Description
FIELD OF THE INVENTION

This invention relates to memory access and more specifically to accessing multi order memory arrays.

BACKGROUND OF THE INVENTION

Many computer systems include peripheral unites accompanying a core processor. Such a peripheral unit is a Direct Memory Access (DMA) controller.

Efficient memory access and management has been a subject for research and development for a long time. For example, U.S. Pat. No. 4,137,565 (published 1979, assigned to Xerox Corporation), incorporated herein by reference, discloses a controller for a host machine such as an electrostatographic copier having a central processing unit module connected via a system bus to an input-output processing unit module, and a direct memory access system functioning as part of the input-output processing unit module and operative to provide a high-speed means of refreshing and updating control registers in the host machine by direct accessing of memory in the central processing unit module. The direct memory access system may be programmed to synchronously refresh-update the host machine's control registers as in its normal mode and also asynchronously refresh-update the control registers as in the abnormal mode of a detected electrical disturbance in the electro-sensitive periphery surrounding the control registers, thus requiring restoring thereof. High-speed movement of data by the direct memory access system is achieved through dedicating a portion of random access memory in the central processing unit module for such accessing, and transferring control of the system bus from the central processing unit module to the direct memory access system. This enables data accessed through a fixed sequence of addresses from dedicated memory to be transferred directly to the host machine's control registers without incurring time constants that would otherwise be incurred if the data were to be manipulated by a central processor in the central processing unit module.

Since then, efforts have been made to improve efficiency of memory access and management. For example, EP 1,026,596, incorporated herein by reference, (published 2000, in the name of SUN Microsystems, Inc.) discloses a direct memory access (DMA) controller for a computer system having a processor and a command buffer. The command buffer can be defined, for example, as a ring buffer in the main processor memory and can be directly accessible by the processor, for example over a bus. The DMA controller provides a head register and a tail register operable to hold a head pointer and a tail pointer for addressing the head and tail, respectively, of a sequence of direct memory access commands in the command buffer. The processor is able to store DMA commands in the command buffer. Subsequently, the DMA controller is able to access those DMA commands using the DMA tail pointer held locally in the DMA controller. The DMA controller is operable to compare the head and tail pointers, and to respond to non-equivalence thereof to use the tail pointer value to access direct memory access commands from the command buffer. The DMA controller is responsible for updating the tail pointer in the DMA controller in association with reading of a direct memory access command from a location in the command buffer. The processor is responsible for updating the head pointer in the DMA controller in association with the storing of DMA commands in the command buffer.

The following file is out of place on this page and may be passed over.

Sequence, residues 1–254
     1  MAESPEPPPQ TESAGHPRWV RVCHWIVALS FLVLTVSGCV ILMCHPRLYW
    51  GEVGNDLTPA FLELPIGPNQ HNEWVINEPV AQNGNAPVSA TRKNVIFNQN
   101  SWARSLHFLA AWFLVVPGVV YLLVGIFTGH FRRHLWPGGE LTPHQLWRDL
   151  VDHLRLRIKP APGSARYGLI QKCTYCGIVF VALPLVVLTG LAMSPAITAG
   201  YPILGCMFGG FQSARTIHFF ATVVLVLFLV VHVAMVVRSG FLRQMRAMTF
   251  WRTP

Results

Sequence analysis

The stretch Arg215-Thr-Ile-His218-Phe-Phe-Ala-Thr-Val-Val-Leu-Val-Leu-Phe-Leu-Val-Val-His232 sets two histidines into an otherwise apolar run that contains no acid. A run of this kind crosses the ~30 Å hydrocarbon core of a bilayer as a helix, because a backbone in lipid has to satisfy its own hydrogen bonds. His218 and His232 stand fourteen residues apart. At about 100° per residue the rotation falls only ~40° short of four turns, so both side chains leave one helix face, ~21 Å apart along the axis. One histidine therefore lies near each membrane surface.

However, sometimes memory access requires accessing memory addresses that are not linear. This typically occurs, for example, in image processing. Accessing non-linear memory addresses is done, in most cases, by implementing multiple channels that require management and limit performance.

U.S. Pat. No. 6,108,743, incorporated herein by reference, (published 2000, assigned to Intel Corporation and Real 3D Inc.) discloses a method for performing direct memory access, which includes arbitrating between a chained, low priority, direct memory access and a high priority, direct memory access, the arbitration occurring between two links in the chained, low priority, direct memory access.

In the field of memory access in image processing U.S. Pat. No. 6,449,664, incorporated herein by reference, (2002, assigned to ViewAhead Technology, Inc) discloses a two-dimensional direct memory access system that maximizes processing resources in image processing systems. The system disclosed in U.S. Pat. No. 6,449,664 includes a two-dimensional direct memory access machine and a ping-pong style memory buffer to assist in the transfer and management of data, such as image data. The two-dimensional direct memory access machine transfers a specific cross sectional area of the image data to a processor.

U.S. Pat. No. 5,579,453, incorporated herein by reference, (published 1996, assigned to Xerox Corporation) discloses a smart direct memory access controller for data space transformation. The smart direct memory access controller can be used in computer systems to read and/or write data in a non-linear fashion in order to alter the organization of data stored within the computer system. The direct memory access controller has particular application in the electronic subsystem of a non-raster format electronic printer, such as a partial width array or full width array thermal ink jet printer. The smart direct memory access controller enables a non-raster format printer to access images organized in raster format, by viewing the data space as a non-linear or multi-dimensional memory. Memory addresses of the non-linear or multi-dimensional address space are a catenation of several data fields. Each field is one of the coordinates that define the location of data within memory. In the smart direct memory access controller any one or more of the fields can increase when it comes time to increment the address, giving rise to data streams that are actually vectors through the data space.